On February 11, New Jersey Governor Chris Christie vetoed a bill calling for a $1.25 increase in the state’s minimum wage and, instead, proposed a one dollar increase to phase in over three years. Franchise owner Shub Hegde, who was part of a delegation of local Dunkin’ Donuts franchisees that met with advisors to the Governor in January, says this is a much better outcome for small business owners.
“We are still concerned over a proposed cost of living adjustment (COLA) tied to the minimum wage,” he said. “But we are happy with the Governor’s veto. I would rather the legislature consider a gradual increase, say, of .25 yearly,” says Hegde, “but a one time increase of that kind of number, I’ll end up losing a lot.” In a business where minimum wage is the norm, this kind of change is one all franchise owners have to pay attention to.
One aspect of the new tax laws that hasn’t gotten as much press is the impact on the estate tax. At first glance, this may not seem as important as how you fill out your tax returns, but in the long run, it could have a sizeable impact on how you do your estate planning. Particularly if you own several stores.
It’s never pleasant to think about what will happen to your assets once you die, but if you own multiple shops, it’s worth your while to do some planning.
Otherwise, everything you’ve worked for can get swallowed up in red tape instead of going to your heirs. First, a little background: in 2001, President George W. Bush enacted legislation to change the estate tax laws. Over the past twelve years, the federal cap on the amount that could pass tax-free to heirs has fluctuated from $675,000 up to $5 million in 2010. The uncertainty around how that number might change in 2012 caused some people to rush to make tax-free gifts before the new year began.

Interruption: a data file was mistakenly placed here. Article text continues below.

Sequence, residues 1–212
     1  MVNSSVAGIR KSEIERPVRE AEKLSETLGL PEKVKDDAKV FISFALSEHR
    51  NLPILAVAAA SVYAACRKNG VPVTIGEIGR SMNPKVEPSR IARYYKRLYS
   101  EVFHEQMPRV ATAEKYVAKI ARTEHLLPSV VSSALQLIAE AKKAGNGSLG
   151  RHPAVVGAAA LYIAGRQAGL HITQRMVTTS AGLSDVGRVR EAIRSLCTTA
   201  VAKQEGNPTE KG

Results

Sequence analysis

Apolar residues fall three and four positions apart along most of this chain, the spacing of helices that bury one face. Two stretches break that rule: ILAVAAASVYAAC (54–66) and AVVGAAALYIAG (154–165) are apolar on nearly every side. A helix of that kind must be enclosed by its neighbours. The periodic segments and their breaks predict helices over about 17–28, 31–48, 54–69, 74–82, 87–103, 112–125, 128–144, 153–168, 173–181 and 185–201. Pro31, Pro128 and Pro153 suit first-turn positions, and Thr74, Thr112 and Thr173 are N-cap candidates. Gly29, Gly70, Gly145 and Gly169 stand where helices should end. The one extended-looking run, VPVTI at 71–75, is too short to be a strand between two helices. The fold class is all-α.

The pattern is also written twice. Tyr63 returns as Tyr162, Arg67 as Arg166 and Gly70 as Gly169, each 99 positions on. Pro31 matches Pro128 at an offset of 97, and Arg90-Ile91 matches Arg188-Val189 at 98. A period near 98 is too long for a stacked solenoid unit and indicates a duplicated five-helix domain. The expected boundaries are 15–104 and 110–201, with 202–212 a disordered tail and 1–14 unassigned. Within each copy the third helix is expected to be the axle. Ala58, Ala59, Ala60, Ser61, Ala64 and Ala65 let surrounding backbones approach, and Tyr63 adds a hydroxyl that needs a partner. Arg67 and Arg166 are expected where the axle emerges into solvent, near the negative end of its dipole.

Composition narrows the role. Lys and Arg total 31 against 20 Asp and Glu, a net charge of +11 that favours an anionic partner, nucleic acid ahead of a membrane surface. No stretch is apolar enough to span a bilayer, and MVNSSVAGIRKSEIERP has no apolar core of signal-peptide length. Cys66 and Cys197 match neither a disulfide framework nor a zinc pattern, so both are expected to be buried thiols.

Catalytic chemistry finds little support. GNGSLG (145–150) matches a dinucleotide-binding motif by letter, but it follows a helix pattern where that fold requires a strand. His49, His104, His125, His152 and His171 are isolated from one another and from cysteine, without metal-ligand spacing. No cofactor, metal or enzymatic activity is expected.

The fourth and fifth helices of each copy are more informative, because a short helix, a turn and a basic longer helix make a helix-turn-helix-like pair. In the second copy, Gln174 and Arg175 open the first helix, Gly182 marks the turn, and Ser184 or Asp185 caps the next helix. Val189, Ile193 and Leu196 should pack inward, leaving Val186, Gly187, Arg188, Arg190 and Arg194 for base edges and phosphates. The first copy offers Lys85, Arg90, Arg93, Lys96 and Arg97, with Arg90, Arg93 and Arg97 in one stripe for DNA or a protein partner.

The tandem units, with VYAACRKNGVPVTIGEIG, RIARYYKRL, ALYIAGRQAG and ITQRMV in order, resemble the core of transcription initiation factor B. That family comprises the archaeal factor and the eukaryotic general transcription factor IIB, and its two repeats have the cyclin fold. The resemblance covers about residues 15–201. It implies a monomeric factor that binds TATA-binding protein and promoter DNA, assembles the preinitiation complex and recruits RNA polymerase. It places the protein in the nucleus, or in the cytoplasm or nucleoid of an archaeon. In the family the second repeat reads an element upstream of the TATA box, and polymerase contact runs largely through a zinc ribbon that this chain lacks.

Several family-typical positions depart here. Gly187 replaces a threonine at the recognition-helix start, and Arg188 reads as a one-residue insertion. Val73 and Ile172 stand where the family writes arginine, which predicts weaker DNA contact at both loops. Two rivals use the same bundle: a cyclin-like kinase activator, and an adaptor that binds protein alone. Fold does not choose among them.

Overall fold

All that has changed, with a permanent estate tax fix beginning in 2013: every individual now gets an estate tax exemption of $5.25 million per person, or a total of $10.5 million per married couple.
Here’s the deal: it used to be, if you died, your heirs could inherit up to $5.125 million before having to pay a federal tax on the money. If you owned several Dunkin’ Donuts franchises, your estate could easily be worth more than that, meaning your heirs would now be paying taxes on money you’ve already paid taxes on, through your years of earning profits and running a business.
Now, with the new, permanent limit of $10.5 million per married couple, you have a much bigger cushion of how much you can leave to your children without needing to be concerned about the IRS wanting their share. You also can be fairly certain about this amount going forward, making estate planning that much less worrisome. Of course, the new law also increases the highest tax rate, so any amount over the $10.5 million will now be taxed at the higher rate of 40%, versus 35% last year. “That’s great news.” Seth Ellis is an estate planning attorney with a number of Dunkin’ Donuts franchise owners among his clients; he sees this new limit affecting, and ultimately protecting, almost every owner. “It allows them to transfer real estate and assets to family, etc., without worry about an IRS audit,” says Ellis. “That’s great news.” Ellis feels that this legislation will give franchise owners the incentive to take action and make future plans for their assets.
“By creating trusts for the benefit of their spouse and children, they can lock in their money and allow appreciation going forward,” he says. “They can have their cake and eat it, too.”
Or their donut, as the case may be.